26 February 2008

Dual therapy for HIV babies OK

The Department of Health has given the go ahead to use dual therapy to prevent mother-to-child transmission of HIV.

And it's about time too!

For people infected with HIV, treatment cannot cure -- it can only retard the progress of the disease. The treatment of babies, however, is a direct intervention to reduce transmission, and the more new infections we can prevent, the better.

The Department of Health have released a revised policy and guidelines clearing the way for dual therapy in the prevention of mother to child transmission of HIV.

At the same time, Health Minister Manto Tshabalala-Msimang dismissed claims that her department was reluctant to implement the new regime.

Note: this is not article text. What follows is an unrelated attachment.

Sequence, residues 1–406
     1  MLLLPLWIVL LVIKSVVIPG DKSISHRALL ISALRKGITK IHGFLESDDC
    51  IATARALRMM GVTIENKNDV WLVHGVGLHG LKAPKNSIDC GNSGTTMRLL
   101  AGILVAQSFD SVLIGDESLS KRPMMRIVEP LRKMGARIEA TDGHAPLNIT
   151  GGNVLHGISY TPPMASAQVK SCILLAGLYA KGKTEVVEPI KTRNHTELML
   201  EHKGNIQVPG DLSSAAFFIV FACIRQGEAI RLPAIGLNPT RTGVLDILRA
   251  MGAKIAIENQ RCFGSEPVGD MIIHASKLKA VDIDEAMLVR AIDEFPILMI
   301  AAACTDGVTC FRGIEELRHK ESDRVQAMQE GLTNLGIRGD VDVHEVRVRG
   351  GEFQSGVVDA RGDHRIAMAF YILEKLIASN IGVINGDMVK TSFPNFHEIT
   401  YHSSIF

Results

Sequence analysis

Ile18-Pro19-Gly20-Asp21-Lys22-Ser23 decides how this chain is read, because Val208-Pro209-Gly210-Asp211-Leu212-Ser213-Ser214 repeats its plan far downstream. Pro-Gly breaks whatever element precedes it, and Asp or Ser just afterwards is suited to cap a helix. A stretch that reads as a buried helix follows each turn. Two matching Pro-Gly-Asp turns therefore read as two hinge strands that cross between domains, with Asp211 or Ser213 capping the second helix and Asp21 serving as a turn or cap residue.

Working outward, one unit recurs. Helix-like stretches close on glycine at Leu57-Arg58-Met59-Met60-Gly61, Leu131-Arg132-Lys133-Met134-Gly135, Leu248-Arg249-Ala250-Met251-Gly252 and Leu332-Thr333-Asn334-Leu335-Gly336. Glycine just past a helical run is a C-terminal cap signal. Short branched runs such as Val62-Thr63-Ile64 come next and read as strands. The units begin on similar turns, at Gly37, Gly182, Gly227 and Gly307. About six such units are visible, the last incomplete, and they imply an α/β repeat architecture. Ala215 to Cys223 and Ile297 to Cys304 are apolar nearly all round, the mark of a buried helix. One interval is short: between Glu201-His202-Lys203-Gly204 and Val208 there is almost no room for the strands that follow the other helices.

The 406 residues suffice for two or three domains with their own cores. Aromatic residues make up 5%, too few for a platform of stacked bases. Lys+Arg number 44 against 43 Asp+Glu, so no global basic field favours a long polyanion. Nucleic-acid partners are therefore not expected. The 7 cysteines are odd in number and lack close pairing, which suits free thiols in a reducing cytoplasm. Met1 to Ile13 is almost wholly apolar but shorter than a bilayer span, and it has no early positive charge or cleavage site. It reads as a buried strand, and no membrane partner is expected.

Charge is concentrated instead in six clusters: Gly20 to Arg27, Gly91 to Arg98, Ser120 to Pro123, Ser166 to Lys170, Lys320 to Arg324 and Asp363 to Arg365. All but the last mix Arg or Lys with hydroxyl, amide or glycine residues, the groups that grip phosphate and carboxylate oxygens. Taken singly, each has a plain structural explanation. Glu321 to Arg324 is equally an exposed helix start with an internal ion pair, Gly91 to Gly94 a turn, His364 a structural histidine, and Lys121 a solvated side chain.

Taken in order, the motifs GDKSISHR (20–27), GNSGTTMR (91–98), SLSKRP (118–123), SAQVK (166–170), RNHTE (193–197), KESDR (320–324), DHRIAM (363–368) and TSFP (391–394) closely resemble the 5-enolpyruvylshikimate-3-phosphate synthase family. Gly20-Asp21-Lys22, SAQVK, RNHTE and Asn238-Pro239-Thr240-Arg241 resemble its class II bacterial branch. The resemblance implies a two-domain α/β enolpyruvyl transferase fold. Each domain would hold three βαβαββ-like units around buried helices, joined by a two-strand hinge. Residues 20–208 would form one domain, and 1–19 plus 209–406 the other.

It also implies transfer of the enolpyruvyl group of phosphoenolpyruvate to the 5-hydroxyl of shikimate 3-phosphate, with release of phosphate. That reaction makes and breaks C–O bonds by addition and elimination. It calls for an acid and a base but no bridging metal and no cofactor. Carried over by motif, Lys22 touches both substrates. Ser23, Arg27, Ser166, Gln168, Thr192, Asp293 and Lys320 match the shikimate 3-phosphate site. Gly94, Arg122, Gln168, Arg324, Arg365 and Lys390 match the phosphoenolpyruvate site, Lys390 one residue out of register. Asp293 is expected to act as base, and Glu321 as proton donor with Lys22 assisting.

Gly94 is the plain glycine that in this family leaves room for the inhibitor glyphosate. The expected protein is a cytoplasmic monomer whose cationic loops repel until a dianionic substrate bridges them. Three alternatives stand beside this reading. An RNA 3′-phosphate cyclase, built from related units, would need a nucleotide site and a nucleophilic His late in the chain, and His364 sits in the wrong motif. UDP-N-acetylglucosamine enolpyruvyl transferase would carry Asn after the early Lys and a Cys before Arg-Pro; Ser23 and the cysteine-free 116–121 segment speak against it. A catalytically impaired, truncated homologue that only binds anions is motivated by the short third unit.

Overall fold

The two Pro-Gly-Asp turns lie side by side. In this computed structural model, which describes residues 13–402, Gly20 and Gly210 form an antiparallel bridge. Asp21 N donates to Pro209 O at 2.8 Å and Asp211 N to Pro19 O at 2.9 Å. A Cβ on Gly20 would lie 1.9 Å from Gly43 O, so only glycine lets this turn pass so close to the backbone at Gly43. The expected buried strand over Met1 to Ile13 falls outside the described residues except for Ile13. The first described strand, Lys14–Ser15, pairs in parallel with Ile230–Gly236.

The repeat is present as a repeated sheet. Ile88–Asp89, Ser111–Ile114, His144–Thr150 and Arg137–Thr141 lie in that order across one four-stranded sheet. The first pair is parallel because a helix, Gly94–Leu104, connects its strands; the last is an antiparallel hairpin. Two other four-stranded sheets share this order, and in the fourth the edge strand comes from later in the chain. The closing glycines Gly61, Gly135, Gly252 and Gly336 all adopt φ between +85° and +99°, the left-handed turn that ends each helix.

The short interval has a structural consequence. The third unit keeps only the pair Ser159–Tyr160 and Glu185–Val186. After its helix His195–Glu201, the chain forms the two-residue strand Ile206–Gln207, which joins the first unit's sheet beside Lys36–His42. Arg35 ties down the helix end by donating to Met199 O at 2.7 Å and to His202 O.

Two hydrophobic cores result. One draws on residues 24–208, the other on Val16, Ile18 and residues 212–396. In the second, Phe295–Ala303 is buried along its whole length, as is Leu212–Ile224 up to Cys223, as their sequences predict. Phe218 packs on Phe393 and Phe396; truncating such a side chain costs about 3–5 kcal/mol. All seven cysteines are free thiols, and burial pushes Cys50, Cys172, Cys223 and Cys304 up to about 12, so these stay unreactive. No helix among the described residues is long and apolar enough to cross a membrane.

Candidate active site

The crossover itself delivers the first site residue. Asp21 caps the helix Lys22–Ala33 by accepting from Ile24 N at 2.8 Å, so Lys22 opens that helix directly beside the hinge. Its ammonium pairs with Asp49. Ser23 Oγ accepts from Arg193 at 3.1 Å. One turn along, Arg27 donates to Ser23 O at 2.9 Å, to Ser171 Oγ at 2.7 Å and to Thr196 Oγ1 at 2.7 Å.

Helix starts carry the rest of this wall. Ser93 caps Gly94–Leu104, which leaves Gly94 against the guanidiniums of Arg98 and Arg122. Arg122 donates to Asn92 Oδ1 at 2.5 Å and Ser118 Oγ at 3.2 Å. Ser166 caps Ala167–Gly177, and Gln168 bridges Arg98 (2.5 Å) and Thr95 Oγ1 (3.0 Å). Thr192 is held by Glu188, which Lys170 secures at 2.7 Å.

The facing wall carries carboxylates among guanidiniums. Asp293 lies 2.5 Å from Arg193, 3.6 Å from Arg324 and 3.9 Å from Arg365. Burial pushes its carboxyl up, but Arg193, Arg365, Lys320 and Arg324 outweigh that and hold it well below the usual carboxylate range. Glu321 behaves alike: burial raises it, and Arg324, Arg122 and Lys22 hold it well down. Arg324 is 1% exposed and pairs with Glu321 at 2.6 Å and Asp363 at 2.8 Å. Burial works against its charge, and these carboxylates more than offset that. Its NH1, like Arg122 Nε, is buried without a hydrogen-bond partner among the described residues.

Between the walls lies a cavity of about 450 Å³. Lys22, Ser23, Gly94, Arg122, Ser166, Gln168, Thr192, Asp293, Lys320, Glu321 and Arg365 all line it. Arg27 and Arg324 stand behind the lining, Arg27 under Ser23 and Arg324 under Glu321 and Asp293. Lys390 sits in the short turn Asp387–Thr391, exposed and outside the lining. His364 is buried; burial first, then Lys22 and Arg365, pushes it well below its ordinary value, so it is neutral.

Up to now, most state clinics have offered only the officially sanctioned single drug, nevirapine, to infants.

Dual therapy will mean the addition of a second drug, AZT, which will increase the effectiveness of the intervention.

Commenting on disciplinary action threatened against KwaZulu-Natal doctor Colin Pfaff for administering dual therapy at Manguzi Hospital, Tshabalala-Msimang implied that the provincial health department was correct in its decision to suspend him.

n the 2005/06 financial year 70 percent of all antenatal clinic attendees were tested for HIV, of whom 26 percent tested positive.

About 60 percent of those who tested positive received nevirapine.
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